Topic: Situation of Iranian Baha’is
Today is the day the world will honor Vahid Tizfahm, who has been wrongfully imprisoned since 2008 solely for his religious beliefs, as part of the global “Seven Days in Remembrance of Seven Years in Prison for the Seven Baha’i Leaders” campaign.
Mr. Tizfahm, 42, is an optometrist and owner of an optical shop in Tabriz, where he lived until early 2008, when he moved to Tehran.
Like five of his six colleagues, he was arrested at home in Tehran in the early morning of 14 May 2008. He was first sent to Evin prison, where he was held for some four months in solitary confinement, like the others.
After an unfair trial in 2010, he and the other four male members of the seven were sent to Gohardasht prison.
Earlier this year, he sent a letter from prison that sought to answer why he has held to his beliefs in the face of persecution, especially the relentless questions of his interrogators.
“Yes, I think differently, I act differently and I see differently,” he wrote. “My world is a world of kindness and love. My approach is service to others and my mentality desires the elimination of all forms of prejudice. My aspiration is to create unity among all my compatriots from every ethnicity, group and religion.”
“My heart is free of any animosity and my hands – after many years of confinement and unending pain and suffering – continue to be willing to shake the hands of those who accompany me in the reconstruction of my home land and the revival of our beloved Iran,” he said.
Mr. Tizfahm was born 16 May 1973 in the city of Urumiyyih. He spent his childhood and youth there and, after receiving his high school diploma in mathematics, he went to Tabriz at the age of 18 to study to become an optician. He later also studied sociology at the Advanced Baha’i Studies Institute (ABSI).
At the age of 23, Mr. Tizfahm married Furuzandeh Nikumanesh. They have a son, who was in the third grade when Mr. Tizfahm was arrested in 2008.
Since his youth, Mr. Tizfahm has served the Baha’i community in a variety of capacities. At one time he was a member of the Baha’i National Youth Committee. Later, he was appointed to the Auxiliary Board, an appointed position which serves principally to inspire, encourage, and promote learning among Baha’is. He has also taught local Baha’i children’s classes.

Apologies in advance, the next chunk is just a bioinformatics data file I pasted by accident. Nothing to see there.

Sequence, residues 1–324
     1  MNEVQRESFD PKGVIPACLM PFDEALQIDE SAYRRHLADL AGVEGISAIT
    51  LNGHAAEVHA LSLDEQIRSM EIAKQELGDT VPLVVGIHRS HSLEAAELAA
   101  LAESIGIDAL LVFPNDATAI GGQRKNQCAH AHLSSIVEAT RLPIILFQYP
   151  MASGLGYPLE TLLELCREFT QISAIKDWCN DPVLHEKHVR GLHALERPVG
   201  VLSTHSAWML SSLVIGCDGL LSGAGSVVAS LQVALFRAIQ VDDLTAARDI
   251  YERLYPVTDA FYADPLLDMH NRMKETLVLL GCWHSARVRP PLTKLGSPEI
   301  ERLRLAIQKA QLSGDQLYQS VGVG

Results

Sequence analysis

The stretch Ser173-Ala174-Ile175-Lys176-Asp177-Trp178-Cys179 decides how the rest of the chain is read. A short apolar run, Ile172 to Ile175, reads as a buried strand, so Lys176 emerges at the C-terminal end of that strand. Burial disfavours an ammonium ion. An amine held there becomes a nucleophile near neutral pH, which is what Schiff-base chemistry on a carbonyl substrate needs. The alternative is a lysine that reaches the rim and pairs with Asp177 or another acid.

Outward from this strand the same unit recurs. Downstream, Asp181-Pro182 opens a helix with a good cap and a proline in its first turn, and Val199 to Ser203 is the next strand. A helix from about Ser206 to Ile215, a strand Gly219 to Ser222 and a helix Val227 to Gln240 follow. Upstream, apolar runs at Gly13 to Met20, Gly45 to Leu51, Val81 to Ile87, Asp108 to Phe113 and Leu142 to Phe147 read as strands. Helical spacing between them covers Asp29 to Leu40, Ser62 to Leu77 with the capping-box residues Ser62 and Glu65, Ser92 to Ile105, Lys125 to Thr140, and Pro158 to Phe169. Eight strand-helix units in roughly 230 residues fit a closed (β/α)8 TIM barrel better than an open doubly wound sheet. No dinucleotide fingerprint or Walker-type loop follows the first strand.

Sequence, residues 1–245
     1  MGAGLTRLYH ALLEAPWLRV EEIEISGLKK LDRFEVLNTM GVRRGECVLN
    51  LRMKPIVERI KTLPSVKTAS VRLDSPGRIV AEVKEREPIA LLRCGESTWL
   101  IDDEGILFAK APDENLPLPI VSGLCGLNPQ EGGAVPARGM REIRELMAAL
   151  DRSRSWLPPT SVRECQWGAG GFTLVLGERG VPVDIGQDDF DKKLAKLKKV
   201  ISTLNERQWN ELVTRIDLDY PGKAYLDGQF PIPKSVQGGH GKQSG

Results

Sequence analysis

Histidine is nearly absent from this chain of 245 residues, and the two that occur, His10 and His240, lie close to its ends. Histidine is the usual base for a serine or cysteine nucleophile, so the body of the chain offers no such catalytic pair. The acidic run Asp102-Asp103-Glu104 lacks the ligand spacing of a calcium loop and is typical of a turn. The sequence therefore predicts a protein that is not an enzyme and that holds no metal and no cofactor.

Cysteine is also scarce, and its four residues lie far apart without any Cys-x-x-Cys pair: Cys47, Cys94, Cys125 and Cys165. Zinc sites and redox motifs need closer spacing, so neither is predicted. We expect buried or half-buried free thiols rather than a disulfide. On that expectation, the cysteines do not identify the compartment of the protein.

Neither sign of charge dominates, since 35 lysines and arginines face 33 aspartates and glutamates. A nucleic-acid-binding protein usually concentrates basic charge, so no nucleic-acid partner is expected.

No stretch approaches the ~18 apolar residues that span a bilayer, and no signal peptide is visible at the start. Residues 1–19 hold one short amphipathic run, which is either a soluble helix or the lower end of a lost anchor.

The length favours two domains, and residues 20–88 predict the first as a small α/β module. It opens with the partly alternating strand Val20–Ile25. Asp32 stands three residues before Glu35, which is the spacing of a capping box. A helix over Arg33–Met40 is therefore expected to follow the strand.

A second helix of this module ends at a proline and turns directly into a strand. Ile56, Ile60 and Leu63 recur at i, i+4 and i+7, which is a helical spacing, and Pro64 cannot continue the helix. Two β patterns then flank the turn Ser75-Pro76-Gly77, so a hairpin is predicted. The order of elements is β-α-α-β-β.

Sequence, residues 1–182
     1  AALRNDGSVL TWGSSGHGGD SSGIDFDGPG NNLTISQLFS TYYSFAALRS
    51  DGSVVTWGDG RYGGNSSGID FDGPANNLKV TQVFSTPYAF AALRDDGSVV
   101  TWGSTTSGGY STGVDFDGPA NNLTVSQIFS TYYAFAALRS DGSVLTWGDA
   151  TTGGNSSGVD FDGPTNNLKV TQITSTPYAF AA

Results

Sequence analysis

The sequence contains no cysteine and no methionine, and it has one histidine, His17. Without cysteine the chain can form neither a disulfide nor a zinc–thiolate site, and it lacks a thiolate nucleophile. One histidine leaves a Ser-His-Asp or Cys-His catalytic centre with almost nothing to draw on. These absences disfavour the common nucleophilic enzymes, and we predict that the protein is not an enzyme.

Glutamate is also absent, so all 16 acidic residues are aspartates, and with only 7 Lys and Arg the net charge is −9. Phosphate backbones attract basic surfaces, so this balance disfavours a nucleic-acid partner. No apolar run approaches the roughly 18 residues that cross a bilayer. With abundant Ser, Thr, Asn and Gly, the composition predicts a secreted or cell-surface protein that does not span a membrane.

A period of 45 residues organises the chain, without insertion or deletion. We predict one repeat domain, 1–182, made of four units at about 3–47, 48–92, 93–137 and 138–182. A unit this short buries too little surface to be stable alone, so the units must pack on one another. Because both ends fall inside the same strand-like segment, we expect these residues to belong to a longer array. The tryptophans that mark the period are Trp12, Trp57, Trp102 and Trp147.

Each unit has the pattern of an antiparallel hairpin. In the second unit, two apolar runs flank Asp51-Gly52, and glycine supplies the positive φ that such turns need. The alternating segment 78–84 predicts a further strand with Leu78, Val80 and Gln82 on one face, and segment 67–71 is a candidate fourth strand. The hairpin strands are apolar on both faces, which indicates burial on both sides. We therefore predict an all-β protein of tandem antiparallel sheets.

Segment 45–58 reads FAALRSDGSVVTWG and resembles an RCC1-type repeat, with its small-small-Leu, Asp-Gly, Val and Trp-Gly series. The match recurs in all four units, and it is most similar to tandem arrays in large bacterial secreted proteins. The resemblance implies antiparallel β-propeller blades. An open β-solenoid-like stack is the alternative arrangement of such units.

Mr. Tizfahm was one of seven who formed the entire membership of the now-disbanded ad hoc group known as the “Yaran” or “Friends,” tending to the spiritual and social needs of the Iranian Baha’i community in the absence of formally elected Baha’i leadership, which was banned in 1983.
The names of the others are Fariba Kamalabadi, Jamaloddin Khanjani, Afif Naeimi, Saeid Rezaie, Mahvash Sabet, and Behrouz Tavakkoli. Ms. Sabet was arrested on 5 March 2008.
In 2010, the seven were tried and wrongfully convicted on charges of “espionage” and “spreading propaganda against the regime,” among other false accusations. They were sentenced to 20 years in prison, the longest terms of any current prisoners of conscience in Iran.
The campaign to remember them will run until 21 May 2015. Events are being planned around the world by Baha’i communities and others to call attention to the plight of the seven, along with the wrongful imprisonment of 110 other Baha’is in Iran – as well as other prisoners of conscience there.
Each day, a different member of the seven has been commemorated. Tomorrow, 21 May, the campaign wraps up.
Facebook event pages in English (https://www.facebook.com/events/1638889016341780/) and in Perisan have been set up as rallying points and a hashtag has been designated: #7Bahais7years. For more information, go to: www.bic.org/7Bahais7years.
(NOTE: I did not write this post. I copied it directly from the Baha’i International Community – United Nations Office website: https://www.bic.org/news/Honoring-Vahid-Tizfahm-Day-Seven-7Bahais7years-campaign. Please pass this information onto your network so these types of injustice can be stopped.)